Sardonic Grin' Has Roots in Poisonous Herb

Sardonic Grin' has roots in poisonous herb. Learn about Sardonic grin having roots in poisonous her in this article.

The phrase "sardonic grin," commonly used to describe a bitter or scornful smile, has its roots in a highly poisonous plant indigenous to the Mediterranean island Sardinia, according to new research.

Phytochemical analysis of Oenanthe crocata, or hemlock water-dropwort, a perennial that thrives near Sardinian ponds and rivers, revealed that toxic alcohols in the plant can cause facial muscles to contract, sometimes contorting into a sinister smile.

According to ancient reports, the plant was used in pre-Roman Sardinia for the ritual killing of elderly people who were unable to support themselves.

A burden to society, the people "were intoxicated with the sardonic herb and then killed by dropping from a high rock or by beating to death," Giovanni Appendino of the University of the Eastern Piedmont, and Mauro Ballero, of Cagliari University in Sardinia, and colleagues wrote in the latest issue of the U.S. Journal of Natural Products.

"This is a very subtle plant. It has a sweetish and pleasant taste and smells good. The name Oenanthe means 'wine flower,'" Appendino told Discovery News. "Indeed, the plant produces a state similar to drunkenness as well as locked jaws. There is little doubt that the Herba sardonica described in ancient literature is Oenanthe crocata The poet Homer first used the word 'sardonic' as an adverb when describing Odysseus' smile. The Greek hero "smiled sardonically" as he dodged an ox jaw thrown by one of his wife's former suitors.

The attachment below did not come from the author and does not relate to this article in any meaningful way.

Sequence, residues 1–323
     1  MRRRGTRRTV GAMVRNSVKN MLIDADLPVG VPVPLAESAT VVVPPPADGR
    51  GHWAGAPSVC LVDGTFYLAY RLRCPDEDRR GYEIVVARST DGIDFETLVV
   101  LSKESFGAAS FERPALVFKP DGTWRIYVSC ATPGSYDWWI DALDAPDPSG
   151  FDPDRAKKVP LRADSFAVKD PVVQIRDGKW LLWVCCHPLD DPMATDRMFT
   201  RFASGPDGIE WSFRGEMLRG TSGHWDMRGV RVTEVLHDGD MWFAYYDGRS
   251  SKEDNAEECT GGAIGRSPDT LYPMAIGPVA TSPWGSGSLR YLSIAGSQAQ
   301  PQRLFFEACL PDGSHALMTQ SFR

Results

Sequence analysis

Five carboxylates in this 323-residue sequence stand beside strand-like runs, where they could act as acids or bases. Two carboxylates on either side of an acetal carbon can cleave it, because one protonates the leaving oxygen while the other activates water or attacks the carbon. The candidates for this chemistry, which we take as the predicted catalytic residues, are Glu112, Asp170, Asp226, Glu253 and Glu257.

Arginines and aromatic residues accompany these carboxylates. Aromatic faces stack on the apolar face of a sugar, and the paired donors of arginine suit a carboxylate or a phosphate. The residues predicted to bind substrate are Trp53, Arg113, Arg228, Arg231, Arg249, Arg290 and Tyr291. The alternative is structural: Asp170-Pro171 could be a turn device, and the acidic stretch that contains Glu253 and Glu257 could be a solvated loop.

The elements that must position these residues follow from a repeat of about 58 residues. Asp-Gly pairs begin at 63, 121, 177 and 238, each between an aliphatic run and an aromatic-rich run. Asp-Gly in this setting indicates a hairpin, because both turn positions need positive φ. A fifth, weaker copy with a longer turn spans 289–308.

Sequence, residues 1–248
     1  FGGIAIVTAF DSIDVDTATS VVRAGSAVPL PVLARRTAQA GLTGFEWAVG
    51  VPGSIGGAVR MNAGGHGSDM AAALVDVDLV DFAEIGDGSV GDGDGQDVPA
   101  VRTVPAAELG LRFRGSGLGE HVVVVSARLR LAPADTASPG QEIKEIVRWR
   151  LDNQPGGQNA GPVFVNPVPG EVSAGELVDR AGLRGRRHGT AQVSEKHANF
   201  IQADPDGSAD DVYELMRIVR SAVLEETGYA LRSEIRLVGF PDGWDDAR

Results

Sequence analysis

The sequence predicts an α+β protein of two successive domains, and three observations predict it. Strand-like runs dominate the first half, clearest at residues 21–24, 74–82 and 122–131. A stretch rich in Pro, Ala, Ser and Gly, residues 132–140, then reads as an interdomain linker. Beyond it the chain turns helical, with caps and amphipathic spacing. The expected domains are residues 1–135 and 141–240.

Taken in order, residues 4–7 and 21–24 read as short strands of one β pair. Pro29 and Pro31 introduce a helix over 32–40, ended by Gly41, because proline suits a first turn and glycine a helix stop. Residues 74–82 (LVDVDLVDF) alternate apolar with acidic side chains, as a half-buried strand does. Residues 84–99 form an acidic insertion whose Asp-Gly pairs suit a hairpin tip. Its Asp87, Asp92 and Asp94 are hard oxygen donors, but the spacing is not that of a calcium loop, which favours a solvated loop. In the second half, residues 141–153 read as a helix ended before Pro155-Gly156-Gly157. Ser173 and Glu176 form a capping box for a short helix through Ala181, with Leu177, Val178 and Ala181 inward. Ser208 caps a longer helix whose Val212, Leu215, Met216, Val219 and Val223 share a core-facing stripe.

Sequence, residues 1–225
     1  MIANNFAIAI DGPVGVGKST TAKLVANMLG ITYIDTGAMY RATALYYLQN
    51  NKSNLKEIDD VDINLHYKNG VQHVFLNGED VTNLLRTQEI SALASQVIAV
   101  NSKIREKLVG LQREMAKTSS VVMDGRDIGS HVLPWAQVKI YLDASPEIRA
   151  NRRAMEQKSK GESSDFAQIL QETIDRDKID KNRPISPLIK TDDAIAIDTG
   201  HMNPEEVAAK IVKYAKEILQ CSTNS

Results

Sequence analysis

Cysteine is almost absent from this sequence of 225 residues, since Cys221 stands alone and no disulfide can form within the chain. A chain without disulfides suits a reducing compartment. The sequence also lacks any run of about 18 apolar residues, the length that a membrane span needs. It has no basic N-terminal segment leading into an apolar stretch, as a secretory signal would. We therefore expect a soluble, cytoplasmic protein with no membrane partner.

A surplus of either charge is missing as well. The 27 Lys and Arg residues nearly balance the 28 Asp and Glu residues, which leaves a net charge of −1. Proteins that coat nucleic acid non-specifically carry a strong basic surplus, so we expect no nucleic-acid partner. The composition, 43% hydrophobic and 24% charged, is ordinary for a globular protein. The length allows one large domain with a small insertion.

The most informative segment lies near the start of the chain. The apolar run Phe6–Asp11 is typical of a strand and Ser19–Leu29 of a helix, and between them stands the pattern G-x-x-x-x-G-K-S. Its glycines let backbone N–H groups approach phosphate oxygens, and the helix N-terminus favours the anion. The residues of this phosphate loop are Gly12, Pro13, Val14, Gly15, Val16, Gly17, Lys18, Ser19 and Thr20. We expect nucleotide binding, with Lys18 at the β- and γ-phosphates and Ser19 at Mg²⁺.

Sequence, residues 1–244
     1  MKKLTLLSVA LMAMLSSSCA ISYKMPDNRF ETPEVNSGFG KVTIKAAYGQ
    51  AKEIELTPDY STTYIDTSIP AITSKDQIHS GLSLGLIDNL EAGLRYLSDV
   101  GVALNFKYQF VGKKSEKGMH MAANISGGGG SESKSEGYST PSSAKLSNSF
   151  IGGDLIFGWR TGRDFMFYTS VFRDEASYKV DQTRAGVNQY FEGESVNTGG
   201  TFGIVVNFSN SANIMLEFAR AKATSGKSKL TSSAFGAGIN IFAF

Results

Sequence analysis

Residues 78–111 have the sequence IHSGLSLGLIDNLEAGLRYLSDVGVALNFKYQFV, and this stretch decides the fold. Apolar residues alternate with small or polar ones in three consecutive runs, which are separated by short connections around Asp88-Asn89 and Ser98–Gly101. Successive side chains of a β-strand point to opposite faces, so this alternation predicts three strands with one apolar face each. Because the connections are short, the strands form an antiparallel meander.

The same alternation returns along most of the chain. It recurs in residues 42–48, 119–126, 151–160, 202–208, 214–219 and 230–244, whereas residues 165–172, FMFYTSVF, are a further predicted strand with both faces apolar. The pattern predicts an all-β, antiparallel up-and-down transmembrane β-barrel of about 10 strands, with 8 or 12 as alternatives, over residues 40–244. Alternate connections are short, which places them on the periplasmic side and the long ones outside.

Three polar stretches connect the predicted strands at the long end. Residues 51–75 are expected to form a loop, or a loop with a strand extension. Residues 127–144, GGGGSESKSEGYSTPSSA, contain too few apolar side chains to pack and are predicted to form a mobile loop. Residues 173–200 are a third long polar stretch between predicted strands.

According to some scholars, Homer coined the word after learning that the Punic people who settled Sardinia gave condemned people the smile-inducing potion.

However, the association with Sardinia has often been disputed, and the origin of the term remains obscure, according to Donald Lateiner, who teaches Greek, Latin, ancient history and comparative folklore at Ohio Wesleyan University.

"The ancients themselves and the later commentators were entirely unclear about what the word meant," Lateiner, the author of "Sardonic Smile: Nonverbal Behavior in Homeric Epic," told Discovery News. "The newly proposed concept is plausible but not provable. Personally, I doubt the Sardinian connection."

Whether Oenanthe crocata is at the root of the word sardonic or not, the finding may one day find application in medicine. According to the researchers, the molecules in the plant could be modified to have the opposite effect, causing muscles to relax, thus helping people recover from facial paralysis.